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- Nurse Barb
Even if you kind of suspected or knew with your whole heart that you were pregnant, when you actually pee on the stick and see the little lines officially confirming your pregnancy, your life changes in a nanosecond.
All of a sudden you might go from thinking “I’m probably just late.” To OMG, now what? Suddenly, there’s a flurry of emotions and questions. What should you do? Are you ready? What should you name your child? While I won’t suggest baby names for you, I can give you some guidance on what to do during pregnancy. Pregnancy is an incredible feat, and I know you’ll be able to rise to the challenge. Ready? Set? Let’s get started. (more…)
I was watching a YouTube video of Robin Williams the other night, laughing so hard that I was crying and then after about 30 minutes, after seeing the sustained light-speed energy and immediate improvisational brilliance, I wondered if he could turn it off?
And then I wondered, what it would be like to live with him. Was he hilarious at breakfast, lunch and dinner? Could you have a normal heart to heart? Was he always on? What did his children and his family experience?
So, I asked some people who had known him since the 80’s and were still friends and after talking about his brilliance, acting, philanthropy and his comedic genius, they also talked about how hard it was for him and his family to live with his extreme swings in energy, the roller coaster of being bi-polar, the self-medication, and the whole spectrum of mental illness…..It’s complicated. (more…)
Paulina Porizkova, a former model, writer, and a mom featured an article on Huffington’s Post that I thought would be of interest.
Here’s What I Have to Say:
I see a lot of women in midlife and at the other side of hormonal swings, adolescence. I’m convinced that our brain chemistry shifts dramatically with hormone surges and precipitous drops. I’ve seen well adjusted women with everything under control, suddenly become unrecognizable to themselves and their families. I’ve seen the same thing happen with teens. Hmmmm?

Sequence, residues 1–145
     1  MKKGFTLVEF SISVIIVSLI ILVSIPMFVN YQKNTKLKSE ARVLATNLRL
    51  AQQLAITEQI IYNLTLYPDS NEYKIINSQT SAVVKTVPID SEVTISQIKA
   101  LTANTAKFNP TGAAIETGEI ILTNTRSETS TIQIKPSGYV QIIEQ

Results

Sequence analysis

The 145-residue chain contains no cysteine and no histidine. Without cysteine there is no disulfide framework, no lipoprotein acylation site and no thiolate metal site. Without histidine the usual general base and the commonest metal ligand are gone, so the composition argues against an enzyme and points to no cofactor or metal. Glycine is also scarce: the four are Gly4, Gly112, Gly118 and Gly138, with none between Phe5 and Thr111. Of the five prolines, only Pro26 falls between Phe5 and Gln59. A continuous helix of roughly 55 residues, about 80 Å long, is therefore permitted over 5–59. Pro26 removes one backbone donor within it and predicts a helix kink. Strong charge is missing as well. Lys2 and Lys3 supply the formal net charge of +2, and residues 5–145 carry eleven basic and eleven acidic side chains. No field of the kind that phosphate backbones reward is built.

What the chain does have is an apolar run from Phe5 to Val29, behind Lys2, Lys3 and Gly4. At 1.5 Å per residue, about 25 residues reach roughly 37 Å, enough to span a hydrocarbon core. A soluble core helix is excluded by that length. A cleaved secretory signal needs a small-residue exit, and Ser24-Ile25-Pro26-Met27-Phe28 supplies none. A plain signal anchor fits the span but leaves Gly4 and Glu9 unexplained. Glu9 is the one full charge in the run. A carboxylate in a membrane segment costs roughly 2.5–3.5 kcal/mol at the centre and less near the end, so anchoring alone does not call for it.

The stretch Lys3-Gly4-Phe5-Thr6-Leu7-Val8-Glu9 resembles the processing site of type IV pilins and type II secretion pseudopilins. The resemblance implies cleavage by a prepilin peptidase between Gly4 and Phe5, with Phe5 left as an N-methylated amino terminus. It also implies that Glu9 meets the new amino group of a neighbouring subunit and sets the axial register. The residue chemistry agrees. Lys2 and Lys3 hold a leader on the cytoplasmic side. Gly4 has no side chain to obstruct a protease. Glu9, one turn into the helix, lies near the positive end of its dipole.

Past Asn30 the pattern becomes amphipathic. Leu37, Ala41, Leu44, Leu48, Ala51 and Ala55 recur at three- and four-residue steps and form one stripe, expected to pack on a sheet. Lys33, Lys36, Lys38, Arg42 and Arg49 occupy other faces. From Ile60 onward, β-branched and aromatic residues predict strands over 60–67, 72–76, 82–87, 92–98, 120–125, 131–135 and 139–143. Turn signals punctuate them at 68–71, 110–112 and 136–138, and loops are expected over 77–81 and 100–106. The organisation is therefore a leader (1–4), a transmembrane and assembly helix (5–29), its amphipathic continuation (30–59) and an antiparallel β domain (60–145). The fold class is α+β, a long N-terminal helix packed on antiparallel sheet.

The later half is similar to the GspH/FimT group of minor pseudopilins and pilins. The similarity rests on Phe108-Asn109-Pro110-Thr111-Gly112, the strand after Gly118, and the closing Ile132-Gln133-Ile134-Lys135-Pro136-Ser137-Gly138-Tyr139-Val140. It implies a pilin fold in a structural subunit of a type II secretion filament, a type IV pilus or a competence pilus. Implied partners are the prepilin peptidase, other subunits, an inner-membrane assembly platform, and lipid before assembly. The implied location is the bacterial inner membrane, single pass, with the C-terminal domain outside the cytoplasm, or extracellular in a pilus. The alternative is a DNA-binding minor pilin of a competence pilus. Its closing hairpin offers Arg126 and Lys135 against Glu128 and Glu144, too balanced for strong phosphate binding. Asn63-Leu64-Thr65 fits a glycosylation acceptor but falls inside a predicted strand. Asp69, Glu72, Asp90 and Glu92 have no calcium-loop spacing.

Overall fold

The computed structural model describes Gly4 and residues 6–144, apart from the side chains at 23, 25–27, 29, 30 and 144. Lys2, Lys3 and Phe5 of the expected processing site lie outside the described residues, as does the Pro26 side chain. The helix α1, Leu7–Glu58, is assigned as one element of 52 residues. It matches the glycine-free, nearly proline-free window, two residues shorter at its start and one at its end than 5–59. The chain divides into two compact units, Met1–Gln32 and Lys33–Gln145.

I saw a patient the other day, who is battling depression. She and I were talking about some of her early experiences as a child and there came that moment when I could see that no matter how resilient or strong a person is, it’s extraordinarily difficult to recover 100% from being treated badly.
According to an excellent article by Kate Kelland from Reuters, “A study published earlier this month found that childhood hardship, including suffering abuse or losing a parent or having a parent with addiction problems, also raised the risk of a range of chronic physical illnesses in later life, such as diabetes, heart disease or asthma.
According to a survey done by the Substance Abuse and Mental Health Services Administration about 8.4 million Americans had suicidal thoughts in the past year and 2.2 million made plans to kill themselves. One million people attempted suicide. These numbers are staggering and yet point to the fact that a significant number of Americans are depressed and anxious, with reports ranging from 8-25%. (more…)
As I have lived with the elderly, I’ve become much more interested in how they think. I came across this article from Reuters on how older adults and the elderly are different when it comes talk therapy or Cognitive Behavioral Therapy when treating anxiety and depression.
So how do you know if you or someone you care about is experiencing Military Sexual Trauma (MST)? The signs, as with anyone who has been sexually abused, could be many….
Flashbacks; nightmares; memories of the abuse; anxiety; a feeling of being unsafe; depression; guilt; emotional numbness; new or increased drug or alcohol use; isolating oneself; difficulty controlling emotions such as:
In dating lingo, it’s known as “reading the memo.” There’s the bore who rambles on about himself the entire evening (narcissist), the annoying guy who orders for you (control freak), the dude who has never, ever been in a long-term relationship (commitmentphobe).
In each case, a “memo” is delivered — key information or insight into a person is imparted — but it’s not always “read” by the other party. Sometimes it’s ignored, sometimes denial plays a role, other times it’s just glossed over — usually at the other party’s peril. When the light bulb moment does occur down the track, it’s often too late to avoid pain, grief, or suffering.